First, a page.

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Kirsty Merrett offers some heartfelt advice on how to help researchers throughout the research lifecycle 

My time at Bristol University started as an undergraduate then continued with an MSc and PhD, and library work supported my postgraduate endeavours. I later took an MSc in Information and Library Management, as librarianship felt like the career for me. 

I work for the University’s Research Data Service, where we help researchers throughout the research lifecycle, advising on Data Management Planning, data storage and data sharing through the University’s data repository, data.bris. The most enjoyable part for me is dealing with sensitive data, particularly data concerning human participants, and how we can share it securely and safely. Talking to researchers about consent, ethics, and anonymisation is invigorating. I can really get my teeth into it and draw from my own research experience as a qualitative researcher - having a foot in both camps really helps when relating to researchers. 

UKRI’s first common principle on data policy is that ‘publicly funded research data are a public good, produced in the public interest, which should be made openly available with as few restrictions as possible’ and we wholeheartedly agree. 

We published our first dataset in 2012 and have published 511 native datasets since, so you can tell we're passionate about maximising the reuse of publicly funded research data! A great deal of data created here is from publicly funded projects, and we have a strong infrastructure to store and share it. There are many reasons why data should be shared, the most obvious of which is that funders get more bang for their buck, because we can accelerate scientific discovery when other researchers can use shared data as a starting point, even if they are in different fields. 

We also want published papers supported by the data underpinning it wherever possible, and ideally, data examined in the peer review process, so others can test that the research is robust, and the claims are credible. There can be tensions between researchers’ sense of ownership of the data and the expectation of funders to share it, and this is more challenging in projects where there are risks of participant disclosure. As a lapsed social scientist, I completely understand researchers’ reservations about sharing such sensitive data and damaging researcher/participant trust. But it can be done safely, and we believe we’ve worked out how to do that.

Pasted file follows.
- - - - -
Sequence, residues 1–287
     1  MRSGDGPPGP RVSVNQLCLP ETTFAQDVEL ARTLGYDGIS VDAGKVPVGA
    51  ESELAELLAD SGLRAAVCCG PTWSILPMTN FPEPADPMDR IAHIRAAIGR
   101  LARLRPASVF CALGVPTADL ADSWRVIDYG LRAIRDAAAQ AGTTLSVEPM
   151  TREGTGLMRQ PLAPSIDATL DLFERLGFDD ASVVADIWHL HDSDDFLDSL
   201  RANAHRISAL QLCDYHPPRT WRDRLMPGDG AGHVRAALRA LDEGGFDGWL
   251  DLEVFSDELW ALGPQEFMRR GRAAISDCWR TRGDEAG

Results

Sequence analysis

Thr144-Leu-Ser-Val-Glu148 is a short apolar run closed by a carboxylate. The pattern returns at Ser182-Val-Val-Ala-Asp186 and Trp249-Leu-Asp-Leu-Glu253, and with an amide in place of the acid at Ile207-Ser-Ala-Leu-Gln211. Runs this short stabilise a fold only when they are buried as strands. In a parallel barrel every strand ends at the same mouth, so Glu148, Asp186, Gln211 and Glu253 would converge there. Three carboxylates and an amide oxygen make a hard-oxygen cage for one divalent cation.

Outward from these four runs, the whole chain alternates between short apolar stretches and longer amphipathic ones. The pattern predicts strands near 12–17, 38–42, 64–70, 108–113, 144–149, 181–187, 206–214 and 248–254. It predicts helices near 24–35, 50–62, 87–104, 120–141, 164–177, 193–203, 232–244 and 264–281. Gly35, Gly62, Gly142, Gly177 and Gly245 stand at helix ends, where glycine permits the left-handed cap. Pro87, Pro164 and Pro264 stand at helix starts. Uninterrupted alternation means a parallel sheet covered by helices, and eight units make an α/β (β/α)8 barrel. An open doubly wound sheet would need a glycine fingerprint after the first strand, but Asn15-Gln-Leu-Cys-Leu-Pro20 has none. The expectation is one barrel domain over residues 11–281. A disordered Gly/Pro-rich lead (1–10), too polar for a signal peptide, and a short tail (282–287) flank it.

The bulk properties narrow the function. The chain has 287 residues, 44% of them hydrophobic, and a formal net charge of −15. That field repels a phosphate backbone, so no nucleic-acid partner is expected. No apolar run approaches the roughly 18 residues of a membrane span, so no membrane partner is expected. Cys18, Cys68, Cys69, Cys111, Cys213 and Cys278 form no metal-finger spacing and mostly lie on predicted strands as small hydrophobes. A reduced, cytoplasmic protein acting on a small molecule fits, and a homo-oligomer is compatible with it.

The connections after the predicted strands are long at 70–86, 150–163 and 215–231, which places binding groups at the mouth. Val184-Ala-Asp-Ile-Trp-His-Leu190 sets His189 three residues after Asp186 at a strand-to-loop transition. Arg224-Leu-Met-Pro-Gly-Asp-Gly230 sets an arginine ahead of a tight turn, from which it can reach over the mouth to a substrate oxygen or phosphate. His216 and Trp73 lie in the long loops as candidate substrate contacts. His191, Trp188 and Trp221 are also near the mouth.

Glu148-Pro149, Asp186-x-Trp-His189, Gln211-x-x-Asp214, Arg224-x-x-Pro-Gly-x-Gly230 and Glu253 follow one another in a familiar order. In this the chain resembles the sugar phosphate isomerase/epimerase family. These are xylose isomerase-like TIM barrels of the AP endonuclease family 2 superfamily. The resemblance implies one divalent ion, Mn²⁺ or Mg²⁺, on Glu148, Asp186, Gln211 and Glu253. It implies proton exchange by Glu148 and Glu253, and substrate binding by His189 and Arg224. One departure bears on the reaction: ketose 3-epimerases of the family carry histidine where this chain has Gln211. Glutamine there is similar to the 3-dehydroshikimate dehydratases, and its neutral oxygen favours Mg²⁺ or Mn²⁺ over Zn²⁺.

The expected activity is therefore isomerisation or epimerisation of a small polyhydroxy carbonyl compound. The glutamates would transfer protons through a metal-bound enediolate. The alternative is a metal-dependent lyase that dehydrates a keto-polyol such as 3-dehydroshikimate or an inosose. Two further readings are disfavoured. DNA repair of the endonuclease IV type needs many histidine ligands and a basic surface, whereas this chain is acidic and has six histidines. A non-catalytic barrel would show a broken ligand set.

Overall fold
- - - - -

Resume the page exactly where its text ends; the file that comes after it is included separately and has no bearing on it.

For the first few years of data.bris the datasets were ‘open’, but we started to ask questions about how to share sensitive data, particularly that involving human participants. In 2017 we turned our attention to this issue so we devised a plan for providing different levels of access – open, restricted and controlled, and designated a committee to oversee decision-making of the highest level of access, in line with recommendations from the Expert Advisory Group on Data Access

We share the most sensitive of data through controlled access at our repository, data.bris. But there are several issues we need to work through to achieve this position. How do you check applicants are 'bona fide' researchers? What governance do we need in place to share data? Who needs to sign agreements? Who can we share it with, and what countries? What about multi-institution applications? What about legacy data where consent to share wasn’t raised? When you set these questions in the context of those tensions which sometimes arise around funder requirements for sharing, researcher’s sense of ownership of the data and time constraints on researchers, another issue arises: how do you provide a robust procedure without making it too cumbersome for the applicant or the data steward to go through the process? We’ve discovered that whilst we have a pretty robust and transparent process, inevitably new questions arise with each application. It’s a steep learning curve. 

We've been working on this for three years, and we've got some best practice ideas on how to share sensitive data responsibly. It takes a lot of administration time, but it’s rewarding to finally release a dataset that may not have been shared, or shared safely, otherwise: 

  • Have a standard Data Access Agreement drawn up;
  • Devise a workflow, including how you will verify applicants are bona fide researchers and how you will obtain supporting documents, detail who needs to be involved, and at what stage;
  • Make the process transparent - clearly define what is required to apply for data, the anticipated time frame, and processing costs, if any apply; and
  • Set up an independent decision making committee drawn from across the university.

Our top tips are to get niggles or anomalies with the application sorted out before asking for a decision, and to be prepared for multi-threaded questions involving different parties: the data steward, the applicant, secretary’s offices, research ethics committees, IT services. We presented on these issues at the International Digital Curation Conference last year, and we've had a few visitors from overseas come to us to discuss how we do what we do. We love to share!

Kirsty Merrett is an assistant research support librarian at the University of Bristol.


Do Kirsty's experiences chime with you? Would you like to share your thoughts as a librarian with the readers of Research Information? Email